Looking for the secret to better malting barleys
U.S. Department of Agriculture’s principal intramural scientific research agency, the Agricultural Research Service (ARS) is investigating exactly what happens inside barley grains when they germinate in the malt house, as part of their cereal crops research.
Malt is the ingredient responsible for providing the smooth, rich taste in many popular foods and beverages, particularly breakfast cereals, beer, and confectionery. By looking into malting barley germination, or sprouting – just one of the many steps in the process of producing malt – the ARS hopes to provide plant breeders with valuable information that will help them develop higher quality malting barleys.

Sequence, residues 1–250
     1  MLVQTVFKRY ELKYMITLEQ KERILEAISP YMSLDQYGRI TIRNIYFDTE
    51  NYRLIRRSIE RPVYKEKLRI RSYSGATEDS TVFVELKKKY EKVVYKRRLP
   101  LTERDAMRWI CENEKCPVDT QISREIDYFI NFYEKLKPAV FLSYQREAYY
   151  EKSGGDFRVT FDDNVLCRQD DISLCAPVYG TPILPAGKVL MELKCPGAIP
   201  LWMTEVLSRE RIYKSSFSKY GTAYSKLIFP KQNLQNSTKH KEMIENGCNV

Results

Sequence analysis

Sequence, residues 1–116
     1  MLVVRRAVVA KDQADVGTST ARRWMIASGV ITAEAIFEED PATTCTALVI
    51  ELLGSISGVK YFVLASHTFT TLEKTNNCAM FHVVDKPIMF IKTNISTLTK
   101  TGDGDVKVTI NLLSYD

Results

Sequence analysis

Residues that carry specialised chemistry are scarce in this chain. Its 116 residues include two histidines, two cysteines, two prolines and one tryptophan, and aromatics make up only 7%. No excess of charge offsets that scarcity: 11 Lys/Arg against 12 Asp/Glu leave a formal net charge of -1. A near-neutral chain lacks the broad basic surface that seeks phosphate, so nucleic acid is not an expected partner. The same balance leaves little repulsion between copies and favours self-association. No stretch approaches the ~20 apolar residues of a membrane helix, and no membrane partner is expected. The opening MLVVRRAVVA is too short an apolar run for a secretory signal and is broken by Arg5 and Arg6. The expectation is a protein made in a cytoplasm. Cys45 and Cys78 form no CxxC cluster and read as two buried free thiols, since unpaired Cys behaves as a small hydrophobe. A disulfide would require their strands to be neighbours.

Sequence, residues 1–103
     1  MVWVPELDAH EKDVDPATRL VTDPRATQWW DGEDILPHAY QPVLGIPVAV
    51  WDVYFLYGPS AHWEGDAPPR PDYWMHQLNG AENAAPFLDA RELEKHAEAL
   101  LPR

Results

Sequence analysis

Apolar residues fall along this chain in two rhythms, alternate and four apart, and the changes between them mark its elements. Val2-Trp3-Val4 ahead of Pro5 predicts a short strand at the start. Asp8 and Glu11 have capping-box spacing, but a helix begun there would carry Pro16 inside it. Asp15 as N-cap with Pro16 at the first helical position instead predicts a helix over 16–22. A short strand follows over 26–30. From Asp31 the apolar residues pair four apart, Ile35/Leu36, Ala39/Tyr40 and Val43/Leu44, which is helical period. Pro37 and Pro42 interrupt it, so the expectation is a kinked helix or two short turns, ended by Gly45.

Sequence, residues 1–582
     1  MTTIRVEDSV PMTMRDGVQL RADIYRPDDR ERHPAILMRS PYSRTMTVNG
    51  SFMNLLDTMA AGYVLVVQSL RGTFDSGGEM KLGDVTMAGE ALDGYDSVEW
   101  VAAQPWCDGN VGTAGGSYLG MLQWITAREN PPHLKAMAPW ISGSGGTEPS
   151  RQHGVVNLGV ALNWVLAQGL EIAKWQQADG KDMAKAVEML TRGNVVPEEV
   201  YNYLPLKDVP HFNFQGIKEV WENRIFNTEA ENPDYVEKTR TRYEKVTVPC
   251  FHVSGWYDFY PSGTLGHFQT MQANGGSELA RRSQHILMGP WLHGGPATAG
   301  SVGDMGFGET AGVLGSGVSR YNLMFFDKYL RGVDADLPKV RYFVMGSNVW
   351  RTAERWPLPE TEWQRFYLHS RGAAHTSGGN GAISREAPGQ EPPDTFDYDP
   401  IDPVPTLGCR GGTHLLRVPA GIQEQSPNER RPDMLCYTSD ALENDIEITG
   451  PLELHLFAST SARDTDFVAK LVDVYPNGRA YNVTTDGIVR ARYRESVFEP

Chemist Mark Schmitt is particularly interested in the specialized enzymes the barley grain creates during germination. These enzymes break down the grain’s stored proteins into their component amino acids, and break down the stored carbohydrates into “simple sugars.” The balance of this protein and carbohydrate conversion is important because it can affect the flavour and other qualities of the malt.
Some of the team’s current research into barley enzymes follows up on their earlier studies into this area. The study could have important consequences not only for plant breeders, but also for food and beverage manufacturers who use malt in their products.